Monday, November 28, 2005
Kaori Shoji's latest Bilingual column in the Japan Times is fun. She talks about how the word mottainai has been rejuvenated:
Actually, a lot of Japanese seem to be channeling the wisdom of their grandmothers and/or equivalents lately as the word mottainai (that suggests something shouldn't be thrown away or wasted) is uttered up and down the nation like some newly coined, exotic phrase, instead of one of the most oft-repeated words in the Japanese vocabulary. Generations of Japanese had been screaming mottainai for many centuries, threatening blindness, sudden death of a parent, plague and other heavenly punishments for wasting anything, ANYTHING at all.
... And now mottainai is totally acceptable, even fashionable. The instigator, of course, was 2004 Nobel Prize winner Prof. Wangari Maathai, who earlier this year linked the word mottainai to her Green Belt Movement.
Just for fun I looked up もったいない on the WWWJDIC Server, and found these definitions:
- 勿体; 物体 【もったい】 (n) (1) superior airs; air of importance; (2) overemphasis
- 勿体ない(P); 勿体無い; 物体ない; 物体無い 【もったいない】 (adj) (uk) too good; more than one deserves; wasteful; sacrilegious; unworthy of
- 勿体ぶる; 勿体振る 【もったいぶる】 (v5r) to put on airs; to assume importance
and example sentences like 時間がもったいない, it's a waste of time.
Saturday, November 26, 2005
The British company Dot mobile is offering a new service - sending condensed versions of classic literature to students' cell phones. Really, really condensed, as in text messaging. Hamlet's famous question becomes "2b? Nt2b? = ???", and here is Pride and Prejudice in its entirety:
5SistrsWntngHsbnds.NwMenInTwn-Bingly&Darcy Fit&Loadd. BigSisJaneFals4B,2ndSisLizH8sDCozHesProud. SlimySoljrWikamSysDHsShadyPast. TrnsOutHesActulyARlyNysGuy&RlyFancysLiz. SheDecydsSheLyksHim.Evry1GtsMaryd.
Translation: Five sisters wanting husbands. There are two new men in town—Bingley and Darcy. They are handsome and wealthy. Big sister Jane falls for Bingley but second sister Elizabeth hates Darcy because he’s proud. Slimy soldier Wickham says that Darcy has a shady past. It turns out that he's actually a really nice guy and really fancies Elizabeth. She decides that she likes him. Everyone gets married.
Yikes! And look what they did to Paradise Lost...
This kind of "disemvowelled" text reminds me of those ads you used to see a long time ago in the back of magazines, that started out f u cn rd ths, u cn something or other. I did a Google Book Search and found this info in the 1990 book The Essential Feature: Writing for Magazines and Newspapers:
The inventors of Speedwriting ("f u cn rd ths, u cn gt a gd jb") noticed that most English words are intelligible if you leave out the vowels... Many words and syllables can be reduced to a single letter or symbol. Here are a few that work well:
v of; have; very t it; to; their; there n in; on; not; no N nothing; none
Want to speedread The Hobbit?
Here you go:
Wednesday, November 23, 2005
An article in the Hartford Courant led me to the website of the Internet Living Swahili Dictionary. Yale researcher Martin Benjamin has been working for more than 10 years on his Kamusi Project, "an effort to document and produce a comprehensive guide to Swahili using the Internet." You've got to admire the man's dedication - he ran a marathon to raise money to continue the project.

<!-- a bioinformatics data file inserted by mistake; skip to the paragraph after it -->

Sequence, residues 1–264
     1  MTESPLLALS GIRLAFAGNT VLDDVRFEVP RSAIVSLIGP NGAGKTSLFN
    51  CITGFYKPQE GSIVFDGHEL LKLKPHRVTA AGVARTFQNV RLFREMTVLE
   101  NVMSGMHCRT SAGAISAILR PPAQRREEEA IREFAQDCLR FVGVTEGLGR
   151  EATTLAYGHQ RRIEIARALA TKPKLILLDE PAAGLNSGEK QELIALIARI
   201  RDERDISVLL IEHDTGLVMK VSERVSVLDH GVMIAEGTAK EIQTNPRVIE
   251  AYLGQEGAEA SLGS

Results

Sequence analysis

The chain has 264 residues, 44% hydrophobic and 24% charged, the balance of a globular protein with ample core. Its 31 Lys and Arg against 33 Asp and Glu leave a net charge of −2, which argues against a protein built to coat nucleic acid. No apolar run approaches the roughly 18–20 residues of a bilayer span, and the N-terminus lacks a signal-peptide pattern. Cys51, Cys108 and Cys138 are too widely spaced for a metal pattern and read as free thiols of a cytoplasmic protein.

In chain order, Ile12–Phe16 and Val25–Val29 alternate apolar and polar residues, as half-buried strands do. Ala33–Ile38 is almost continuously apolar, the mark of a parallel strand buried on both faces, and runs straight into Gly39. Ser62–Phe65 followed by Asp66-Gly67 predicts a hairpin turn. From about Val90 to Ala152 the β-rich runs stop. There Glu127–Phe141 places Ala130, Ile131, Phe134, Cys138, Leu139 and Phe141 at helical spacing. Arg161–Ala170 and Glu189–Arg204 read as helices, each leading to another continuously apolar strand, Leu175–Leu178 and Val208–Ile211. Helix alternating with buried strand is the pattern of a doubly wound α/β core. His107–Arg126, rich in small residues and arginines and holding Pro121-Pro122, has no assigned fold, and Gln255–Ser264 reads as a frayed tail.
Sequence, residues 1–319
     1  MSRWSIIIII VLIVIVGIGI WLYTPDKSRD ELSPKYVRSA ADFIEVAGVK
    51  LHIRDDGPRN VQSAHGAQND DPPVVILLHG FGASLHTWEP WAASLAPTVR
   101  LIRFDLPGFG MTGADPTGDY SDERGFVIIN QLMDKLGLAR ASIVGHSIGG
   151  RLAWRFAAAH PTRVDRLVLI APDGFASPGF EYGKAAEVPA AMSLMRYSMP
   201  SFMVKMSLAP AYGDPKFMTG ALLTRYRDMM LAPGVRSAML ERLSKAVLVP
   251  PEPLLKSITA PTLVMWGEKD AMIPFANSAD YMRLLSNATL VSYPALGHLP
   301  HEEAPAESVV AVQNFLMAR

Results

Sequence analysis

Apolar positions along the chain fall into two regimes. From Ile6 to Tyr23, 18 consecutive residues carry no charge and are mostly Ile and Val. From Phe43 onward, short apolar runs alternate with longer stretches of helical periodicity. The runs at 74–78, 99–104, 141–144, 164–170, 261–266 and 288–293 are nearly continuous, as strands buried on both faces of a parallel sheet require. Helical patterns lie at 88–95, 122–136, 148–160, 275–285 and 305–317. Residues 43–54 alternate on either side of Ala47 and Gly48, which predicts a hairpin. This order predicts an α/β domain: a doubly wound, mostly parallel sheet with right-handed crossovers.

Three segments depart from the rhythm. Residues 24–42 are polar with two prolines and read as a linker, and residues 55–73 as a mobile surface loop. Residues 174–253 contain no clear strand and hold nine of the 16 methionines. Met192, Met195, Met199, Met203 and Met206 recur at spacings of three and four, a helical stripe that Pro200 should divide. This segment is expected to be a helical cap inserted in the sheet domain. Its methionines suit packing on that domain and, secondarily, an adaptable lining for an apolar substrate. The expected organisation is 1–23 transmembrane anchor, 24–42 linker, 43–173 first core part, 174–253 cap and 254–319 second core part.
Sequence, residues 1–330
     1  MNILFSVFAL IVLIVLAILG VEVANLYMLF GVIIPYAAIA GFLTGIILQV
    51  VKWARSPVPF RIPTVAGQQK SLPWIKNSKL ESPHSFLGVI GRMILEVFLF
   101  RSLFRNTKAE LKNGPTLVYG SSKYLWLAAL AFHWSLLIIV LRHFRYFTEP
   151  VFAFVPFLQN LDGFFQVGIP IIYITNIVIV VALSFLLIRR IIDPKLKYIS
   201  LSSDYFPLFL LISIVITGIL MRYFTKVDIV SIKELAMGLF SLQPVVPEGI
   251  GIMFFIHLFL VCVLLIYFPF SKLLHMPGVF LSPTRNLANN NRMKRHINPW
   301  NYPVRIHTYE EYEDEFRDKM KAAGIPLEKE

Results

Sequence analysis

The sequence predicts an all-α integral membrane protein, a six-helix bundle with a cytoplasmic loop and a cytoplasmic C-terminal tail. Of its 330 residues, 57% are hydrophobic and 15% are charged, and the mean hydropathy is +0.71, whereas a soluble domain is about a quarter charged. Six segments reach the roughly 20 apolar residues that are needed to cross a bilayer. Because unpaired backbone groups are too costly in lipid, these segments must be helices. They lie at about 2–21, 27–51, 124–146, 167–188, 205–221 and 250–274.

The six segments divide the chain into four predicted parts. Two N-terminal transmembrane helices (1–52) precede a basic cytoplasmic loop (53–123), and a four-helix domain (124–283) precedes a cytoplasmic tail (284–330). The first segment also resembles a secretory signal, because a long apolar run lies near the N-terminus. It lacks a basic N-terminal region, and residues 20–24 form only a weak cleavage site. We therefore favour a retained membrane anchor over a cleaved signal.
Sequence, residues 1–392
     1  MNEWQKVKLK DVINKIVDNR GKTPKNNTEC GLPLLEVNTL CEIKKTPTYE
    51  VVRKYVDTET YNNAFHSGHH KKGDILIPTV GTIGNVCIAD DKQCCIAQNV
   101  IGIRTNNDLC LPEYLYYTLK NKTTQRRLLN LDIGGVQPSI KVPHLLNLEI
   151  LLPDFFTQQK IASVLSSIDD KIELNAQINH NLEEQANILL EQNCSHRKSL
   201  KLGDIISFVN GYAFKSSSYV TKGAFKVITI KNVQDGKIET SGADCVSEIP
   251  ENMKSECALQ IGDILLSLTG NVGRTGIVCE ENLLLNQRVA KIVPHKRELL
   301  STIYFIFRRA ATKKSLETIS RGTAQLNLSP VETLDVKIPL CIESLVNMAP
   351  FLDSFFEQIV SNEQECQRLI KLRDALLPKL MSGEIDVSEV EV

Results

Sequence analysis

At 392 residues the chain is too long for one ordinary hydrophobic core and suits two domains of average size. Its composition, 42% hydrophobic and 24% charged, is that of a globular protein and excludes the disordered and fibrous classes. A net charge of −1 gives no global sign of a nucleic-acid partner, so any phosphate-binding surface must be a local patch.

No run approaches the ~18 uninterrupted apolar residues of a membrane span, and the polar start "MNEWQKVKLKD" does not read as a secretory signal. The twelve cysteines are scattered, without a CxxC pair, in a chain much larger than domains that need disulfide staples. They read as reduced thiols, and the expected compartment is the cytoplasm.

The pages I found most interesting are the grammar notes, an online lookup dictionary, and the downloadable Russian-Swahili and Swahili-Russian dictionaries. There's also a discussion forum where you can ask for translations of phrases in English or Swahili. Bahati njema!
Sunday, November 20, 2005
Tower of Bible Translations
I've been having fun with a site posted by languagehat called The Unbound Bible, where you can search the Bible and bring up parallel texts of translations in more than 50 languages. For example, here are some verses from the Old Testament story of the tower of Babel in English, French, Icelandic, Russian, and Maori:
Genesis chapter 11, American Standard Version:
1. And the whole earth was of one language and of one speech.
5. And Jehovah came down to see the city and the tower, which the children of men builded.
8. So Jehovah scattered them abroad from thence upon the face of all the earth: and they left off building the city.
9. Therefore was the name of it called Babel; because Jehovah did there confound the language of all the earth: and from thence did Jehovah scatter them abroad upon the face of all the earth.
French (French Jerusalem Bible):
1. Tout le monde se servait d'une même langue et des mêmes mots.
5. Or Yahvé descendit pour voir la ville et la tour que les hommes avaient bâties.
8. Yahvé les dispersa de là sur toute la face de la terre et ils cessèrent de bâtir la ville.
9. Aussi la nomma-t-on Babel, car c'est là que Yahvé confondit le langage de tous les habitants de la terre et c'est de là qu'il les dispersa sur toute la face de la terre.
1. Öll jörðin hafði eitt tungumál og ein og sömu orð.
5. Þá steig Drottinn niður til þess að sjá borgina og turninn, sem mannanna synir voru að byggja.
8. Og Drottinn tvístraði þeim þaðan út um alla jörðina, svo að þeir urðu af að láta að byggja borgina.
9. Þess vegna heitir hún Babel, því að þar ruglaði Drottinn tungumál allrar jarðarinnar, og þaðan tvístraði hann þeim um alla jörðina.
Russian (1825 Makarij translation, in old orthography):
1. Вся земля говорила однимъ языкомъ и однимъ нарјчіемъ.
5. Но Іегова сошелъ посмотрјть городъ и башню, которые строили сыны человјческіе.